Can you tell us what led you to found your own firm and what advice you have for anyone considering taking a similar step?
As in-house IP corporate counsel for over 27 years I took the leap of faith to start an IP advisory company that could advise corporate clients in the area which I found to be the most frustrating. We provide an answer to a challenge, not so many alternative options that the decision-making process itself is as difficult as the situation was before the options were presented. Clients want a solution, not various options. Starting your own business is rewarding, but it is hard work and requires perseverance.
What are some of the biggest changes that you have seen in South African patent litigation over the course of your career?
South Africa is a non-examining country and patent litigation is designed to ensure that only valid patents are granted and maintained. Patent matters in South Africa are adjudicated by the Court of the Commissioner of Patents. The commissioner effectively has the powers of a high court judge and the court functions in a similar way to a division of the South African High Court. In Gallagher Group Ltd v IO Tech Manufacturing ((96/6799)  ZACCP 1 (8 February 2012)), the court adopted an approach to evaluating contributory or indirect infringement of patents that differed from that established in previous matters. Previously contributory infringement was established under common law, under the law of delict. There are not many cases on this subject heard by the Court of the Commissioner of Patents or the Supreme Court so any are worth mentioning. In the procedural matter of infringement versus damage claims – as raised in Nu-World Industries (Pty) Ltd v Strix Ltd ( ZASCA 28) – the Supreme Court took the unprecedented view of separating the infringement claim from the damage assessment. The first patent case that was heard by South African’s highest court, the Constitutional Court, was Ascendis Animal Health (Pty) Limited v Merck Sharpe Dohme Corporation ( ZACC 41), where the main issue related to the principle of res judicata, and whether invalidity of a patent may be considered as a defence during infringement matters after the validity of the patent was already determined during revocation proceedings between the same parties. The defendant sought to amend its pleadings to add a second ground of invalidity, namely obviousness, but was denied the application on the basis of piecemeal litigation (ie, it is not possible to amend grounds for revocation after the fact). If there are more than one causes of action these should be raised all at once and pursued at the same time.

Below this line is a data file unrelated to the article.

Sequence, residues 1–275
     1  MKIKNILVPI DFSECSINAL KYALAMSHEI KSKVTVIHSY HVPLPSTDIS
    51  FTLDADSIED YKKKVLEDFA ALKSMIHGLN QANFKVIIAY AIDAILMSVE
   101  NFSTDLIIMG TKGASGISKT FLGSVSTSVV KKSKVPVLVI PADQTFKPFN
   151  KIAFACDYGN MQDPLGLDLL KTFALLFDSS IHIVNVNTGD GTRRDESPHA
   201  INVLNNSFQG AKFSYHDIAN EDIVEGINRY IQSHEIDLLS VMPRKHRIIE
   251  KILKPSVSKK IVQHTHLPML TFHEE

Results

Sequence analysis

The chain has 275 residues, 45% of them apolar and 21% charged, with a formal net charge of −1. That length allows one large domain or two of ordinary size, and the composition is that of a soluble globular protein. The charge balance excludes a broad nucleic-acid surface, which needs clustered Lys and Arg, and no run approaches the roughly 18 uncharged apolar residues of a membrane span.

How do you expect the South African IP landscape to develop over the next five years?
The implementation of a South African IP policy is long overdue. Aspects are being addressed, such as the training of patent examiners to transform the South African patent system to be aligned with other examining patent offices and assistance from WIPO and the EPO in training South African patent examiners. It is expected that the landscape will continue to develop in the areas of deep tech, green technologies such as alternative energy, pharma and AI-related innovation. It will be interesting to see if the resulting increase in patent costs has a significant impact on both foreign and local filings on the South African patent landscape.
What three factors, in your opinion, make for a world-class IP strategy?
First, alignment: a clear understanding of alignment between the business and its (IP) assets, and how intellectual property can support the growth of value. Second is the team – having the right team and understanding the multi-disciplinary functional role of each member in formulating and executing the strategy. Third, landscape. It is crucial to understand the competitor landscape and client needs in the market for IP protection and commercialisation strategy.
As patent pools become a more established part of the commercial landscape, what emerging trends do you think will shape how they develop next?
The formation of the mRNA hub of the World Health Organisation, which has its head office in South Africa, will drive patent pooling in the pharma industry to allow access to vaccines. One would suspect that patent pooling would go beyond licence and use rights. Anti-competitive effects may also arise and we can expect to see more criticism of patent pooling where it enhances anticompetitive behaviour under the auspices of public good.
Madelein Kleyn is the founder-CEO of Mad K IP Consulting, with qualifications from various South African universities (BSc Eng (chem), BProc, LLB, LLM (tax); PhD (mercantile law with focus on intellectual property)). Her expertise are IP commercial transactions including licensing and technology transfer, regulatory aspects of IP transactions, IP advisory consulting on freedom to operate, IP strategy development and management. She also provides IP portfolio management services. Dr Kleyn is the author of many articles and editor-author of internationally published IP-related books.